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Doctor's Orders: The Third Circuit Approves Short-Term Annuities As A Viable Planning Tool In Zahner V. Secretary Pennsylvania Department Of Human Services, Jennifer A. Ward 2016 Villanova University Charles Widger School of Law

Doctor's Orders: The Third Circuit Approves Short-Term Annuities As A Viable Planning Tool In Zahner V. Secretary Pennsylvania Department Of Human Services, Jennifer A. Ward

Villanova Law Review

No abstract provided.


Aging America, Thomas L. Shaffer 2016 Notre Dame Law School

Aging America, Thomas L. Shaffer

Thomas L. Shaffer

Professor Sarah Harper's assessment of the legal, political,

medical, and economic issues associated with old age in the

United States heralded the theme for this Symposium, "Aging

America." Her analysis turns, as she puts it, on "a fundamental

shift in the demographic structure of society. No longer will it be

the norm to have large numbers of young and small numbers of

old,"1 as it was when I was a boy (age 11 on V.J. Day, 1945).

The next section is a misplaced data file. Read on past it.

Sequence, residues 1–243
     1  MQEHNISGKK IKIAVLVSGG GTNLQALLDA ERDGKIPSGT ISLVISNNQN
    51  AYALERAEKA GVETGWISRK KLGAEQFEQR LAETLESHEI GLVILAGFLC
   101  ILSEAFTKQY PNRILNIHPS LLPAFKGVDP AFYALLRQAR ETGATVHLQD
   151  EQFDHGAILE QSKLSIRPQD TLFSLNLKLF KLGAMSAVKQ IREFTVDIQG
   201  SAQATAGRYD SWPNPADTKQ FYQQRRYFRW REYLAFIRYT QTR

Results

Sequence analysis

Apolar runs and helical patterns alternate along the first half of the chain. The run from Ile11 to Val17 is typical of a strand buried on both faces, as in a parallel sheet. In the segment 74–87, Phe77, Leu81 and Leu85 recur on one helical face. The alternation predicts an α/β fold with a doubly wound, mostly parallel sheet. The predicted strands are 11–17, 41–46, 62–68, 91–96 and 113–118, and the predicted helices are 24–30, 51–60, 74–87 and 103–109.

"Rather, we are entering a world where age groups will be distributed

more or less equally across society-an age-symmetric society ...


Grow Up Virginia: Time To Change Our Filial Responsibility Law, Sylvia Macon 2016 University of Richmond

Grow Up Virginia: Time To Change Our Filial Responsibility Law, Sylvia Macon

Law Student Publications

This comment discusses the background and development of filial responsibility laws in England, the United States, and Virginia in Part I. Part II explains the purpose behind implementation of such laws while Part III discusses the problems enforcing the filial responsibility law may cause. Lastly, Part IV explains why past reasons for keeping the law are no longer valid.


Addressing The Ethical, Legal, And Social Issues Raised By Voting By Persons With Dementia, Jason H. Karlawish, Richard J. Bonnie, Paul S. Appelbaum, Constantine Lyketsos, Bryan James, David Knopman, Christopher Patusky, Rosalie A. Kane, Pamela S. Karlan 2016 University of Pennsylvania

Addressing The Ethical, Legal, And Social Issues Raised By Voting By Persons With Dementia, Jason H. Karlawish, Richard J. Bonnie, Paul S. Appelbaum, Constantine Lyketsos, Bryan James, David Knopman, Christopher Patusky, Rosalie A. Kane, Pamela S. Karlan

Bryan G Kane MD